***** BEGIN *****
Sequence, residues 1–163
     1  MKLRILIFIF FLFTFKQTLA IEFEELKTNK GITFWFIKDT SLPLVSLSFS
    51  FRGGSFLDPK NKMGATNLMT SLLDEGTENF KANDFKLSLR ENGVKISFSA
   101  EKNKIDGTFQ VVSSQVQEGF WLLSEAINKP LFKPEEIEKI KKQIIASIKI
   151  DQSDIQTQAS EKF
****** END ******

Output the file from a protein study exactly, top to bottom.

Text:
Sequence, residues 1–163
     1  MKLRILIFIF FLFTFKQTLA IEFEELKTNK GITFWFIKDT SLPLVSLSFS
    51  FRGGSFLDPK NKMGATNLMT SLLDEGTENF KANDFKLSLR ENGVKISFSA
   101  EKNKIDGTFQ VVSSQVQEGF WLLSEAINKP LFKPEEIEKI KKQIIASIKI
   151  DQSDIQTQAS EKF